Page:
Research Article

A Molecular Signature of Proteinuria in Glomerulonephritis

  • Heather N. Reich mail,

    Affiliations: Division of Nephrology, University Health Network, University of Toronto, Toronto, Ontario, Canada, The Toronto Glomerulonephritis Registry, Toronto, Ontario, Canada

  • David Tritchler,

    Affiliations: Division of Epidemiology and Statistics, Ontario Cancer Institute, and University of Toronto, Toronto, Ontario, Canada, Department of Laboratory Medicine and Pathology, University Health Network, University of Toronto, Toronto, Ontario, Canada

  • Daniel C. Cattran,

    Affiliations: Division of Nephrology, University Health Network, University of Toronto, Toronto, Ontario, Canada, The Toronto Glomerulonephritis Registry, Toronto, Ontario, Canada

  • Andrew M. Herzenberg †,

    † Deceased.

  • Felix Eichinger,

    Affiliation: Department of Internal Medicine, University of Michigan, Ann Arbor, Michigan, United States of America

  • Anissa Boucherot,

    Affiliation: Department of Internal Medicine, University of Michigan, Ann Arbor, Michigan, United States of America

  • Anna Henger,

    Affiliation: Department of Internal Medicine, University of Michigan, Ann Arbor, Michigan, United States of America

  • Celine C. Berthier,

    Affiliation: Department of Internal Medicine, University of Michigan, Ann Arbor, Michigan, United States of America

  • Viji Nair,

    Affiliation: Department of Internal Medicine, University of Michigan, Ann Arbor, Michigan, United States of America

  • Clemens D. Cohen,

    Affiliation: Division of Nephrology and Institute of Physiology, University Hospital Zurich, Zurich, Switzerland

  • James W. Scholey equal contributor,

    equal contributor Contributed equally to this work with: James W. Scholey, Matthias Kretzler

    Affiliations: Division of Nephrology, University Health Network, University of Toronto, Toronto, Ontario, Canada, The Toronto Glomerulonephritis Registry, Toronto, Ontario, Canada

  • Matthias Kretzler equal contributor

    equal contributor Contributed equally to this work with: James W. Scholey, Matthias Kretzler

    Affiliation: Department of Internal Medicine, University of Michigan, Ann Arbor, Michigan, United States of America

  • Published: October 18, 2010
  • DOI: 10.1371/journal.pone.0013451


Proteinuria is the most important predictor of outcome in glomerulonephritis and experimental data suggest that the tubular cell response to proteinuria is an important determinant of progressive fibrosis in the kidney. However, it is unclear whether proteinuria is a marker of disease severity or has a direct effect on tubular cells in the kidneys of patients with glomerulonephritis. Accordingly we studied an in vitro model of proteinuria, and identified 231 “albumin-regulated genes” differentially expressed by primary human kidney tubular epithelial cells exposed to albumin. We translated these findings to human disease by studying mRNA levels of these genes in the tubulo-interstitial compartment of kidney biopsies from patients with IgA nephropathy using microarrays. Biopsies from patients with IgAN (n = 25) could be distinguished from those of control subjects (n = 6) based solely upon the expression of these 231 “albumin-regulated genes.” The expression of an 11-transcript subset related to the degree of proteinuria, and this 11-mRNA subset was also sufficient to distinguish biopsies of subjects with IgAN from control biopsies. We tested if these findings could be extrapolated to other proteinuric diseases beyond IgAN and found that all forms of primary glomerulonephritis (n = 33) can be distinguished from controls (n = 21) based solely on the expression levels of these 11 genes derived from our in vitro proteinuria model. Pathway analysis suggests common regulatory elements shared by these 11 transcripts. In conclusion, we have identified an albumin-regulated 11-gene signature shared between all forms of primary glomerulonephritis. Our findings support the hypothesis that albuminuria may directly promote injury in the tubulo-interstitial compartment of the kidney in patients with glomerulonephritis.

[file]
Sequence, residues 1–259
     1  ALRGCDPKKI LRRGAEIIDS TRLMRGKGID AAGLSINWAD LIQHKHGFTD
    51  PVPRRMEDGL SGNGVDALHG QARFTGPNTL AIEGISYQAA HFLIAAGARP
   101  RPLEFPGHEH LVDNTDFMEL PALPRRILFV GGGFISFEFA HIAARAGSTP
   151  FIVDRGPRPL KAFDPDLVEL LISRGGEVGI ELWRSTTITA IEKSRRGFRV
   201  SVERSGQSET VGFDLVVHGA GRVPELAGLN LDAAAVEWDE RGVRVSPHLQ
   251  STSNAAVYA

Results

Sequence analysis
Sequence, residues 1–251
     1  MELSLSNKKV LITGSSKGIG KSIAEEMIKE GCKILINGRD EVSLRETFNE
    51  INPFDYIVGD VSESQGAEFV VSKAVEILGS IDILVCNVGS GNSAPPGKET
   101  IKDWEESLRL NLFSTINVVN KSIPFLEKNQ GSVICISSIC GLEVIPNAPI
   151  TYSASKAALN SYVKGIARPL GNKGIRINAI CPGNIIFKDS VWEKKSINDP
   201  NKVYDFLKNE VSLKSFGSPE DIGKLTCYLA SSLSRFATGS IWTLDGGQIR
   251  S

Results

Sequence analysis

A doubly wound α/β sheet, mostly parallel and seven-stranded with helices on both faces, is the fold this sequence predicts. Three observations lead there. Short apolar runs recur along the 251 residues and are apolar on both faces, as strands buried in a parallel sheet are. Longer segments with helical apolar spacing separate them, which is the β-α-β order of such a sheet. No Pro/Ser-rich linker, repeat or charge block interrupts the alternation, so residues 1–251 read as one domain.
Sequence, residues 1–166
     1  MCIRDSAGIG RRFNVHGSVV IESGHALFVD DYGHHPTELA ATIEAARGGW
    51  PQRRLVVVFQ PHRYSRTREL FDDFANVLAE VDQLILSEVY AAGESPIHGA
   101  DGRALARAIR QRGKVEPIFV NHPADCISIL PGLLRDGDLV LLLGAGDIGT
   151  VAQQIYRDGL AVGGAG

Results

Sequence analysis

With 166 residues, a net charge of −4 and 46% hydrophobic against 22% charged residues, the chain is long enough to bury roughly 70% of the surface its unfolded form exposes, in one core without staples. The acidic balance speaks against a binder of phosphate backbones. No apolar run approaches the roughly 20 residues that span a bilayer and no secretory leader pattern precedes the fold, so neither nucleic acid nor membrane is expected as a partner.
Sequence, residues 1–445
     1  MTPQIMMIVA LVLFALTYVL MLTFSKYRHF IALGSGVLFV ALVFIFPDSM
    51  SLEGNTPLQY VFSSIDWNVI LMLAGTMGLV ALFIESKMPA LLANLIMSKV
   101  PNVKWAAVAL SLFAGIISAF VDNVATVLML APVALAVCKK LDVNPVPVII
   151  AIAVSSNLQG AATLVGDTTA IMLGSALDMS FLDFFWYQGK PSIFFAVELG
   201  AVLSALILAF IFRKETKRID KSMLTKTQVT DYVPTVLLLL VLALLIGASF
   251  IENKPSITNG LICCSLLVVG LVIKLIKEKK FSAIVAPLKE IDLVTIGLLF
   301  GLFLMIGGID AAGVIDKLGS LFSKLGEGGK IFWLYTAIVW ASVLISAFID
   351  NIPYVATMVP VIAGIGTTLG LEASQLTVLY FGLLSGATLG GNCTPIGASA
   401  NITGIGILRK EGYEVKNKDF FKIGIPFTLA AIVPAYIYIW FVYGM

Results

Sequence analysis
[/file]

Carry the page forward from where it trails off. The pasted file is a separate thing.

Proteinuria is the clinical hallmark of glomerulonephritis, and the most important predictor of outcome in both diabetes-related and idiopathic glomerular-based kidney disease [1][8]. IgA nephropathy (IgAN) is the most common form of primary kidney disease world-wide [9], [10]; up to 40% of patients with IgAN progress to renal failure within 10 years of diagnosis [11]. Studies have consistently shown that proteinuria is the most powerful predictor of the rate of kidney function decline and kidney survival in IgAN [12][17], and that in patients with IgAN, this relationship is particularly strong even at low levels of proteinuria [18].

One of the pathologic features common to all forms of progressive glomerular-based kidney disease is tubulo-interstitial fibrosis, which shows consistent correlation with renal functional impairment [19][21]. Tubulo-interstitial fibrosis may be triggered by a variety of processes [22]; one proposed mechanism includes exposure of tubular cells to protein. Experimental evidence suggests that proteinuria is not only a marker of disease progression, but is directly involved in the pathogenesis of tubulo-interstitial fibrosis, and the progression of kidney injury [23], [24]. In patients with glomerular disease, proximal tubular epithelial cells are exposed to pathologically high concentrations of urinary proteins, including albumin. This induces a number of potentially injurious biologic responses in tubular epithelial cells, including inflammation, apoptosis, production of reactive oxygen species, and transition to a myofibroblast phenotype, ultimately contributing to tubulo-interstitial fibrosis [25][30]. These cellular responses may be dependent upon direct receptor-mediated uptake of albumin by tubular epithelial cells and subsequent stimulation of down-stream responses (such as NFκB-dependent gene transcription) or endocytosis-independent activation of signaling cascades by albumin [31]. While tubular cell exposure to protein is not the only proposed mechanism by which glomerular diseases result in tubulo-interstitial injury and progressive loss of renal function [22], [32], these observations may explain, in part, the important relationship between proteinuria, tubulo-interstitial injury, and long term outcome in glomerular-based kidney disease [19][21], [33].